5. “Beautifully put together, though, Bish, as ever. Thanks, everyone.”

    I’ll dond that.
    Just an idle thought but seeing as you do seem to favour “themed” earworms would it be an idea to ask for worms of a certain type every so often ?

    If I’d known it was country week I could have suggested this one from Miss Skeeter Davis ( Miss Skeeter ?) which has been driving me mad all dum de doo wah week….

    • If we ask for themed earworms we’ll inevitably have more than can be used, as at RR. This way everyone’s gets in eventually, and I like the way it forces us to consider a sing in a new context.

      • Pairubu is onto something there, though… Just don’t do it under the Earworm moniker, but another series could be done out of this. Someone suggests a genre, or an era (the way eJay does with his excellent year-themed series), or whatever, for people to submit songs that fit the bill. The one making the suggestion makes a post out of it, etc…

        Or not…

      • Selfishly, I rather like trying to piece together coherent lists from whatever people have submitted. It’s a bit like concocting a meal out of whatever random ingredients you’ve got in the cupboard: sometimes it works; sometimes it tastes a bit iffy…

      • Good idea lambi

        Earworms sure have evolved from the early days when the list comprised the first six, ok only six, submissions.

  6. Them – Hey Girl

    The use of the flute is quite unusual I think in Country music and but it is really effective in this track. I do not know why people think this is creepy??? I think it is really lovely. But yes the last line does make it seem like the romance in the song was a little superficial ! ! !

    Sparklehorse – Cow

    I like the accordion I this track and the atmospheric singing. The style rock guitar parts are also very nice and match the track perfectly. I found the track quite hypnotic and very soothing in away. It is both new and familiar at the same time. Somehow I think it is like a new cake you make with ingredients of all your favorite cakes. Sometimes it works and sometimes it does not ! ! ! But I really enjoyed this track.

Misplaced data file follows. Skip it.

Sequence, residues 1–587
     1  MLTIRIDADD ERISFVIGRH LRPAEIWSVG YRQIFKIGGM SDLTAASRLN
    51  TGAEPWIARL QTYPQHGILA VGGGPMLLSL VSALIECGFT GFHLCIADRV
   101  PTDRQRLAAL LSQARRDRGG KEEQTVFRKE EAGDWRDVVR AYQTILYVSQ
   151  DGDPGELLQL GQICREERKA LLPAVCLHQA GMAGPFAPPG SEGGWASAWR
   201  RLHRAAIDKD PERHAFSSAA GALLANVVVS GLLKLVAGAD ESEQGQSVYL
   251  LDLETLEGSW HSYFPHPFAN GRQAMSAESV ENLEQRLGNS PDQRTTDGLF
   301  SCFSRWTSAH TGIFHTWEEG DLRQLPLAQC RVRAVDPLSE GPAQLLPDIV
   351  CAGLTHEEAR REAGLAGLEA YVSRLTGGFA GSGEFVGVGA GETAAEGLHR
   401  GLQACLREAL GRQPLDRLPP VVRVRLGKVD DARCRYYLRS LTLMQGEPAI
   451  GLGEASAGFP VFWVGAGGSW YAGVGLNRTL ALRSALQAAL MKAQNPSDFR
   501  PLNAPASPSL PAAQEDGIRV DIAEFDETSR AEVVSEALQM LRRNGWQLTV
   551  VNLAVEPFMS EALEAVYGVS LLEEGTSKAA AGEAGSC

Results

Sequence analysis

Hussey-Regan – Wichita Lineman

    I do love this song as it seems so nostalgic and lonely, but there is strength and integrity in the song that I really admire. So I was very excited to hear a new version of it. This is now my very favorite version ! ! ! The arrangement is really great and the opening made me think this was going to be a nice but unusual version, but then the girl started to sing and thought wow! This is going to be good ! ! ! I think the different focus having a girl sing it as a duet with a guy makes it really different and gives an new view to the song. The voices match really well when they sing their different parts and the vocal harmonies are wonderful also. It made me think that I could fall in love with a Wichita Lineman also.

    Kathy Mattea – Late In The Day

    I love the quite piano accompaniment it matches her voice really nicely, and the arrangement with the guitar is smooth. There are some almost church music parts to the piano parts which I find evocative and really paint the picture of the character and beliefs and history of the girl singing the song. It is a simple and direct song and the honesty of the emotions are really easy to understand. Somehow you know she is a nice girl ! ! ! But one day someone will write a break up song that features cakes and chocolate and not hard liquor ! ! !

    Tom Russell (with Lucinda Williams & Calexico) – A Hard Rain’s A-Gonna Fall

    Of course I know this song from Bob Dylan, but it is a song I have ambiguous feeling for. Somehow I think should like it but I never have quite managed to ! ! ! I think it is just too obscure for me. It reminds me of the like a drunk man that seem to want to tell me his life story but you can understand anything about it ! ! ! But maybe this what it really is trying to do? In this version it really sounds like a conversation I do not want to listen to at a party that I want to leave. But I liked the voices and the arrangement, but I just cannot get passed my feeling for the song. I feel bad that I cannot like it. But thank you for introducing me to Tom Russell. I will definitely check out the album you recommend ! ! !

    It makes a really nice playlist altogether and it is a nice theme. Country influenced but not just country, and a really nice selection artist, none of whom I had ever heard before, so it was really great!!!

    Thank you everyone and well done Bish for a really smooth running playlist ! ! !

  7. A Fantastic Five this week, quite right given the two longer worms. I like them all and the way they’re assembled.

    It’s Fintan-related Van Morrison on consecutive days for me, having donded You Don’t Pull Your Punches… on RR. It’s indeed lovely, and as Van was only 20 at the time, I can accept it as a slice of real life, that mix of romance and lust that is especially heady in one’s youth, rather than anything creepy.

    The Sparklehorse builds up nicely, with the mandolin, guitar, accordion, bass and drums all doing their bit to colour in the repeated figure and drive it on.